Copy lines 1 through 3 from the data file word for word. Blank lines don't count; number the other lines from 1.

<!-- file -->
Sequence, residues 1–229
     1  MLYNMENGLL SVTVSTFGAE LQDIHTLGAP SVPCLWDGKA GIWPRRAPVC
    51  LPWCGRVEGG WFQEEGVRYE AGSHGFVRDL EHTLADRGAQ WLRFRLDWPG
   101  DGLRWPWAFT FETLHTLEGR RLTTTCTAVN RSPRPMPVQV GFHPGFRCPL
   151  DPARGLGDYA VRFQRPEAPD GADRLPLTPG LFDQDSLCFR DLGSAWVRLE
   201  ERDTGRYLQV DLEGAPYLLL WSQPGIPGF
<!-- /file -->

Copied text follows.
Sequence, residues 1–229
     1  MLYNMENGLL SVTVSTFGAE LQDIHTLGAP SVPCLWDGKA GIWPRRAPVC
    51  LPWCGRVEGG WFQEEGVRYE AGSHGFVRDL EHTLADRGAQ WLRFRLDWPG